overcomes challenge 4.

Below I’ll first explain how the Bayesian approach determines when to
stop a headline test (which was our first question). The second
question, determining whether one headline is better than the other is
discussed in the next section.

During the headline test we keep track of number of views and number of
clicks on headline A and B. Important here is the absolute difference
between the number of clicks both headlines. When the absolute
difference crosses the so-called Anscombe boundary, we stop the headline
test.

The Anscombe boundary is defined in terms of (1) the number of views so
far, (denoted by $n$) and (2) the number of views we will be serving the
winning headline (denoted by $k$). Stated more formally, we stop when
the following inequality is true:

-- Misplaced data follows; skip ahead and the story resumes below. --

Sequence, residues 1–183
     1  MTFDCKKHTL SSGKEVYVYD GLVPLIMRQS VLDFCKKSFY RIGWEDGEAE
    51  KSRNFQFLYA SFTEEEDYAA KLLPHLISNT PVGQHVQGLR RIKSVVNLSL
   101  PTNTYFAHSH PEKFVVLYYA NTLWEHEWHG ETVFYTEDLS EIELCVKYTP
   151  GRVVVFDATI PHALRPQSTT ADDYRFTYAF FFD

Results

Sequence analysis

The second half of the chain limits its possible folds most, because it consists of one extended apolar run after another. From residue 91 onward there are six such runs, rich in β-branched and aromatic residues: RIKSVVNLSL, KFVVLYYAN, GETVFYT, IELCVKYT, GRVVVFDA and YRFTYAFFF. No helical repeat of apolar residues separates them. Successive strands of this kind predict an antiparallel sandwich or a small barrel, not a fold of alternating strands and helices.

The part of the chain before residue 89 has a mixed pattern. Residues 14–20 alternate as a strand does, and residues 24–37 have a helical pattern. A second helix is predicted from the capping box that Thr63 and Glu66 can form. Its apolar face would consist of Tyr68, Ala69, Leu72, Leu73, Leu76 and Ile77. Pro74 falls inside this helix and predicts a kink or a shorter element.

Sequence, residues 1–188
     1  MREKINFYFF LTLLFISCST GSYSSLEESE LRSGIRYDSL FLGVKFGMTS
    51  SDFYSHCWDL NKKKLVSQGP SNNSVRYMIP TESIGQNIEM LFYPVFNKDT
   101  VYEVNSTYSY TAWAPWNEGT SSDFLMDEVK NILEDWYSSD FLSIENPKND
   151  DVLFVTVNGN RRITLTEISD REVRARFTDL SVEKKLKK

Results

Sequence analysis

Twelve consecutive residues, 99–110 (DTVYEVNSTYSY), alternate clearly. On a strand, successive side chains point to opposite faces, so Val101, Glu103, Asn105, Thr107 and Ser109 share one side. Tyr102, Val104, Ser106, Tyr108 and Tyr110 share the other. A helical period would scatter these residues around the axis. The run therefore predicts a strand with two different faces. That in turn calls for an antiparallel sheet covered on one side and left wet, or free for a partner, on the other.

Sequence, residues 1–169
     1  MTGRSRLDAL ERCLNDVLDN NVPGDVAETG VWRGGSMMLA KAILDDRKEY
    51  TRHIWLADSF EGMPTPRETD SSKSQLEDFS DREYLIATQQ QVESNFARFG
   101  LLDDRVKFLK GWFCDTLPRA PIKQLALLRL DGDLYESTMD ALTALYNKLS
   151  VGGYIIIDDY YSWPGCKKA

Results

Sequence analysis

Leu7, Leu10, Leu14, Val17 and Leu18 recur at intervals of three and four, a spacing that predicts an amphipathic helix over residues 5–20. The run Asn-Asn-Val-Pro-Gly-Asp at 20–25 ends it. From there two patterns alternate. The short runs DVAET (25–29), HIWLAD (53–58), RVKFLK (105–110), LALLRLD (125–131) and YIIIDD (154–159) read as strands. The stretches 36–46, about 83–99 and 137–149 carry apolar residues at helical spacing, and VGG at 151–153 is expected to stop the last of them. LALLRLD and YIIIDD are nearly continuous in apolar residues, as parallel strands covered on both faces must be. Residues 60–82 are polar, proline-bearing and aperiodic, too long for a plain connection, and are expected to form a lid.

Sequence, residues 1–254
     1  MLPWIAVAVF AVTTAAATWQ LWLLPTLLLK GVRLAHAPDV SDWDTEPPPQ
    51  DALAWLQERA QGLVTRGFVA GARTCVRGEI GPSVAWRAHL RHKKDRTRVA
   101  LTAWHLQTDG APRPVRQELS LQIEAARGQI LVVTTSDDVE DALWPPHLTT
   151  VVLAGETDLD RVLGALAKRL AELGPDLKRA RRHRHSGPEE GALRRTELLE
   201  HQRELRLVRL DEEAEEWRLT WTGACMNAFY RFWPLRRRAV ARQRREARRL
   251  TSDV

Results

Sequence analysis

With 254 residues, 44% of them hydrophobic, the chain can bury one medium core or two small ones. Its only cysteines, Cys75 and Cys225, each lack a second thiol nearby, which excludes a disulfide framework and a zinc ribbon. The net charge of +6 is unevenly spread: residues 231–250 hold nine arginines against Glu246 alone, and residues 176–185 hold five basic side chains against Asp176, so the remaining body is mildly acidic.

where $y$ is the absolute difference between the number of clicks for
both headlines. The shape of the Anscombe boundary is shown in the
figure below. Here, we assumed that the front page gets 1,000 views per
minute (VPM). So, after 20 minutes of testing, the front page has been
viewed 20,000 times. The figure also shows the absolute difference for
five simulated headline tests (CTR A=5%, CTR B=3%), which are denoted by
gray lines.

The figure illustrates that the Anscombe boundary takes the trade-off
between the number of views so far, and the number of views after
conclusion into account. In a recent blog post, Aaron Goodman performed
an interesting
comparison
between the frequentist, multiple testing, and Bayesian approaches. He
demonstrated that the Bayesian approach is best at minimizing regret,
or, in other words, maximizing article views.

Again, once the absolute difference passes the Anscombe boundary, we are
ready to conclude which headline was better.

Certainty of conclusion